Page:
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What the President Could Have Done Today to Counter the Pandemic
A Call for Proactive Boldness
President Biden announced solid plans to support American hospitals with staffing and equipment, enhanced accessibility of vaccines, and the beginning of improving access to free testing, including 500 million rapid tests to be distributed by request starting in January 2022.
That’s good, but a far cry from what should have been announced in light of uncontrolled spread of the Delta and now Omicron strains throughout the country, with a reported 268,000 new cases yesterday (excluding backlog), and more than 1,700 deaths. We have only 61% of Americans 2-shot “fully” vaccinated (that includes millions with J&J one shot), and only 1 in 7 with a 3rd shot booster. Among our highest risk group of people, age 65+, only 55% have received a booster shot. For perspective there are many countries with >80% of their population vaccinated and >90% of their highest risk boosted.
Each day more people have waned their protection from vaccines compared with the number of those getting their 1st shot, so that we are actually losing ground, an effective vaccine protection far short of 61% of the population now. And we’ve already learned that prior Covid alone (without any vaccination) is insufficient to defend against Omicron, as manifest by the first death in the United States in a man in his 50s with a previous infection.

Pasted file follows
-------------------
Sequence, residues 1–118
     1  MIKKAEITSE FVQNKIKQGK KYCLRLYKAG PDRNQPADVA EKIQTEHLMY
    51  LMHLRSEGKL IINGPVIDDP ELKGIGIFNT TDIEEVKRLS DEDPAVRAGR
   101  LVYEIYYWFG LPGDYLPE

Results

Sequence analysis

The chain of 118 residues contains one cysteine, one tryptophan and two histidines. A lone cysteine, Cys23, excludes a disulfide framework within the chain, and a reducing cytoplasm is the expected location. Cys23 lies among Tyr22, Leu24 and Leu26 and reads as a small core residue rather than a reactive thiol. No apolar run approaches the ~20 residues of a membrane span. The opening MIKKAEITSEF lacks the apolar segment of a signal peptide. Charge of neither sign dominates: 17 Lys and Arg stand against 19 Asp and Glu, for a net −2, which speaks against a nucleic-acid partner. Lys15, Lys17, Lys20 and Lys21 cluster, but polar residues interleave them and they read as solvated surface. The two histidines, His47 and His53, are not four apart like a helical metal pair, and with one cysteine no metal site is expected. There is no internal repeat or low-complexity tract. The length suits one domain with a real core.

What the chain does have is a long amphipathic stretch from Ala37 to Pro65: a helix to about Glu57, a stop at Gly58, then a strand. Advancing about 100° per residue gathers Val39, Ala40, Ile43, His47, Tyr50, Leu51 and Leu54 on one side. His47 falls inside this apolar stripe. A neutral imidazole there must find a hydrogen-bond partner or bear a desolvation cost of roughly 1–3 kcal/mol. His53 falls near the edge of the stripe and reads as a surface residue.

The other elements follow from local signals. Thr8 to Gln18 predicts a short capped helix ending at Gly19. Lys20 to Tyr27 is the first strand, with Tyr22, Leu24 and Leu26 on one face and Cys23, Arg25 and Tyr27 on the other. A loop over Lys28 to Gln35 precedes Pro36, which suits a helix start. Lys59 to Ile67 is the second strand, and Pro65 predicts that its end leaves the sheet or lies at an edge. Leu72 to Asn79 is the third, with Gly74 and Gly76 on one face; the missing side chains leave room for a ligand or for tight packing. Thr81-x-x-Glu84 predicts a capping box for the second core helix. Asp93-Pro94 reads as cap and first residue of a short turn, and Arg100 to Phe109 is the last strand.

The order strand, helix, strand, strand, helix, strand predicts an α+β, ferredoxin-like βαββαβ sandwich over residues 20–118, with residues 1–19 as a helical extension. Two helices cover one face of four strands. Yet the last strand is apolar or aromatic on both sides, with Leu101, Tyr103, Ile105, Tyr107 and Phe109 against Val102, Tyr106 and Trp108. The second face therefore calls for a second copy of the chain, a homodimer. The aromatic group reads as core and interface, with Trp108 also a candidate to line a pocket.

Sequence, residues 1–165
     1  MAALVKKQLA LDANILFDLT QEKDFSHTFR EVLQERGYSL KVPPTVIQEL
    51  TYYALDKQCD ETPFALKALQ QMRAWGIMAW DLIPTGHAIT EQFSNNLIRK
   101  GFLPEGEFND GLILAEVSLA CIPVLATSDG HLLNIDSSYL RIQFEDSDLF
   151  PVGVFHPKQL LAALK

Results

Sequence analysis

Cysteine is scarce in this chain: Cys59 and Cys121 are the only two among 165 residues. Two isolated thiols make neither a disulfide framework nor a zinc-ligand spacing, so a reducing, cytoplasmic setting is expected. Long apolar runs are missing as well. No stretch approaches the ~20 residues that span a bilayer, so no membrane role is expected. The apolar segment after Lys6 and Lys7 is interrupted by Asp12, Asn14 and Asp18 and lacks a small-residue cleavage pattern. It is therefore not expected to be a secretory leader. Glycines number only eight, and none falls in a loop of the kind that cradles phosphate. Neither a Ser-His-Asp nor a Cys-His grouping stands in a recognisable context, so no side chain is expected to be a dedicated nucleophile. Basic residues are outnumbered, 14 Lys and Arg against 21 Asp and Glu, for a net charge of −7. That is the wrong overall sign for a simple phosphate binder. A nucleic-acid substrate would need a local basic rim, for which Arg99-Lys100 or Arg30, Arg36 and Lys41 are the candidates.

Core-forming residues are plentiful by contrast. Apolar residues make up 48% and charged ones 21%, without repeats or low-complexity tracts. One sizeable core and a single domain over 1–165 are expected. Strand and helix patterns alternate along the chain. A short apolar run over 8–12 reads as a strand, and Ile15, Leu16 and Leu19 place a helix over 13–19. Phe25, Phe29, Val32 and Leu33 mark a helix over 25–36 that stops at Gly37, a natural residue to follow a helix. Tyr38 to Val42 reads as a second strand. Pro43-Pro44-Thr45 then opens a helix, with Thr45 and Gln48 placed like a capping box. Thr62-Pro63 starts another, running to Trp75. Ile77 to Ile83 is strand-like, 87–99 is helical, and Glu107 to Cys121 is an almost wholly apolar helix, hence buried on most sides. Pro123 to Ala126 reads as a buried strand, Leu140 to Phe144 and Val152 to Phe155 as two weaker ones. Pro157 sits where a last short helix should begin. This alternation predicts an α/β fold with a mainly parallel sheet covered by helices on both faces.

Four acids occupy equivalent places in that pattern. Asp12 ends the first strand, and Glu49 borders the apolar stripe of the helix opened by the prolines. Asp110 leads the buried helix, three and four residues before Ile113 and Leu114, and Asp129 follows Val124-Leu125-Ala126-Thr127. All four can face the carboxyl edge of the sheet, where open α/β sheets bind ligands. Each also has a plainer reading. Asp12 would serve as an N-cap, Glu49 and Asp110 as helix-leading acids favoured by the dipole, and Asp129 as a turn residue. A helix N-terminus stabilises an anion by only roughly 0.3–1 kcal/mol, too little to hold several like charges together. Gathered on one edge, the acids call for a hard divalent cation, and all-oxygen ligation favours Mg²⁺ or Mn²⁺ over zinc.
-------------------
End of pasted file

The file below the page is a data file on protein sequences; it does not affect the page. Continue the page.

Look at how poorly we are positioned for a new, major surge in cases, not just alarming rates in Wisconsin and parts of the Northeast, but greater than 300 per 100,000 people in a large portion of the country. There are already health systems that are overrun in the midst of the second Delta surge, and now with Omicron becoming dominant, well over 95% of new cases in large cities like New York and Houston, we’ll see more of this situation arise.
Admittedly, there are many things the White House and President Biden cannot control. Like the opposition to vaccines, masks, science, and our main defense tactics to counter the pandemic. Like facing very challenging versions of the virus that are hyper-contagious and evade our immune system. Yet there are certainly several strategic points that could have been enacted today, such as:
Booster shots at 4 months after the 2nd dose, not 6 months. The data are overwhelming and many countries have already switched to 3 months. Here’s a recent summary graph from Nature
Redefine “fully vaccinated” as 3 shots, unless it is after J&J for which we do not have data for a 3rd shot, or Prior Covid with uncertainty as to whether more than 1 or 2 shots is necessary. Maybe these data will help get the point across about the value of boosters for protection vs infection.
This is important since it will help get our inadequate booster protection up where it needs to be, fully backed by the extensive data for protection vs Delta (such as 90% reduction in death for age 50+, marked reduction in hospitalizations for age 40+, 95% protection vs symptomatic infection for all ages in a large randomized trial). That’s even more an issue for Omicron, for which protection drops to ~35% without a booster, but increases vs. symptomatic infection to about ~75%.